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Beach Exit, Graye-sur-Mer, Calvados, Basse-Normandie, France

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Location Category ID: 6020
Added to Database: May 2008
Last Edited: 24 May 2009
Address: Avenue du Général de Gaulle, 14470 Graye-sur-Mer
Telephone:
Email:
Opening Times: Accessible at any time
Official Website: Graye-sur-Mer
Other Links: Juno Beach
AVRE characteristics
WW2 Museums
Histoire du Churchill AVRE
Tanks in France
Churchill AVRE September 1999
Pantser.net
Walkaround
Churchill Register
Latitude, Longitude: 49.3373437 , -0.46936512
Location Accuracy: 10
Tanks Previously Here:


In preparation for the Allied invasion, and as a response to the failed Dieppe landings of 1942, a large number of specialised vehicles were produced by modifying conventional tanks. They came to be known as the ‘Funnies‘ and were designed to help conventional forces in the initial assault on the German defences, and also to provide particular specialised help. One such vehicle was the Churchill Armoured Vehicle Royal Engineers (AVRE). This was based on the Churchill tank Mark III or IV but with a large number of changes, including the replacement of most of the ammunition stowage with engineers’ stores.
The most visible modification to the standard vehicle was the replacement of the standard 6pdr gun with a massive, stubby spigot mortar known as the Petard. This fired a large explosive charge descriptively nick-named the ‘Flying Dustbin’. The mortar was loaded externally, by breaking the barrel like a shotgun, so special sliding hatches were fitted in the roof of the fighting compartment in front of the turret. The results of the mortar fire could be devastating, with a single shot bringing down a house, or a series of shots shattering the strongest bunker.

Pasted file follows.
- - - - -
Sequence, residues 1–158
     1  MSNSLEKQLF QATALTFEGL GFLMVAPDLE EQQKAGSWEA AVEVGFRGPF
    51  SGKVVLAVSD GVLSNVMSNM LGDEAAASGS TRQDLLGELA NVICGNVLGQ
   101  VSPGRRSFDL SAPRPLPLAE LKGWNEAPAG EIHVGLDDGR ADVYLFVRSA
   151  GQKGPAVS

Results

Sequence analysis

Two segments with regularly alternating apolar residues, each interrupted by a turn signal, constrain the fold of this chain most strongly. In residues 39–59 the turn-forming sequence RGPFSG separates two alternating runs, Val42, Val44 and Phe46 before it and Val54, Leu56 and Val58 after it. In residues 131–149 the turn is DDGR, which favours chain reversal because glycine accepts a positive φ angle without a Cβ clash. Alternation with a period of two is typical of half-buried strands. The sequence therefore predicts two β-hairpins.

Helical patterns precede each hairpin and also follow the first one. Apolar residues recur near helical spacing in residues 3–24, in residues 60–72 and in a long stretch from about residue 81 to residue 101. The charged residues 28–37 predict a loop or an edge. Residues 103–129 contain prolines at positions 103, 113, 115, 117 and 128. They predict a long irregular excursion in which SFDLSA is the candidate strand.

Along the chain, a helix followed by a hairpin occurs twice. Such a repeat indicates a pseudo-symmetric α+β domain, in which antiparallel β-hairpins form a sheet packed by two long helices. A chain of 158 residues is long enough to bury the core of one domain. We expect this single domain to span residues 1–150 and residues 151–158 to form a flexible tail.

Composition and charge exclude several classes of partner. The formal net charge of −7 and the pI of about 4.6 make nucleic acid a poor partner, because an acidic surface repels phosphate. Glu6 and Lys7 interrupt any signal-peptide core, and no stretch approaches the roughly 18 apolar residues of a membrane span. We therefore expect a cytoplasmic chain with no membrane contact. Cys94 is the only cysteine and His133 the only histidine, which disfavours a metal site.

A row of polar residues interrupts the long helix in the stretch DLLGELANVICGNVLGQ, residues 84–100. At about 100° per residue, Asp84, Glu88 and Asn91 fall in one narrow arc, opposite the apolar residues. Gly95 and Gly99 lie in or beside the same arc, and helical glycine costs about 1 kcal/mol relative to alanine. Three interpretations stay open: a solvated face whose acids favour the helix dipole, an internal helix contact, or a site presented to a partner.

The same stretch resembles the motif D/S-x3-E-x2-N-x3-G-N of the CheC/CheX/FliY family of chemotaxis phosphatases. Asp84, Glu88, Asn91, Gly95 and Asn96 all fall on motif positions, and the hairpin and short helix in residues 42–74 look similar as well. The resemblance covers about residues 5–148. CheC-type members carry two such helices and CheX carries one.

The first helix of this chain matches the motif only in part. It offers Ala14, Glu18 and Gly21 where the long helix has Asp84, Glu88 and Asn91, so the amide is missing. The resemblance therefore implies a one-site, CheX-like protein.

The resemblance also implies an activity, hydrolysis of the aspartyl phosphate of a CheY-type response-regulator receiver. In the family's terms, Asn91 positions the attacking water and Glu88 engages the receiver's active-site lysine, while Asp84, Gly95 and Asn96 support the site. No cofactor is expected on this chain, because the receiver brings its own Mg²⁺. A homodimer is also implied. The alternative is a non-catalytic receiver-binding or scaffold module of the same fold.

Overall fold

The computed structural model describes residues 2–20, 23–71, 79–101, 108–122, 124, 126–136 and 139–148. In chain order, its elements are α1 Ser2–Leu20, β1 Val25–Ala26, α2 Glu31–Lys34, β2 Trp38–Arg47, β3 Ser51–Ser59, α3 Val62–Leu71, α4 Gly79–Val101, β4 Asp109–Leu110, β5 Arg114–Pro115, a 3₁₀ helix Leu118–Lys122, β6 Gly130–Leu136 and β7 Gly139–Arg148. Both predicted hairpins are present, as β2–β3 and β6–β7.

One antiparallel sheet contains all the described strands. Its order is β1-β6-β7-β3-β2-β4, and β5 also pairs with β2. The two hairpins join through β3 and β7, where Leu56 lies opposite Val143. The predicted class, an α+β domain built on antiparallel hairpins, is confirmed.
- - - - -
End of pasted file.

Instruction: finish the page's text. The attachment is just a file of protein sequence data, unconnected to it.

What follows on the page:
It was decided in 1944 to form three RE regiments as armoured assault regiments for the invasion and they were equipped with the first AVREs. They formed the 1st Assault Brigade, RE, of 79th Armoured Division. A total of 180 Churchills were modified into AVREs by divisional workshops in the two months prior to D-Day, and a further 574 were converted by the end of the war. As well as standard demolition and engineering work, the AVRE was capable of being used for many specialised tasks and for carrying special equipment such as bridges, fascines, anti-mine rollers and ploughs, and mat-laying devices.

Location Images - Photographs and NavPix (click to expand or browse)

August 2007

Beach exit road
1: Beach exit road

Taken: 25 August 2007
Contributor: T. Larkum
Location Photo ID: 30
Added: 24 May 2009
Views: 251
Has Priority: 0
    

 

Plaque
2: Plaque

Taken: 25 August 2007
Contributor: T. Larkum
Location Photo ID: 31
Added: 24 May 2009
Views: 106
Has Priority: 0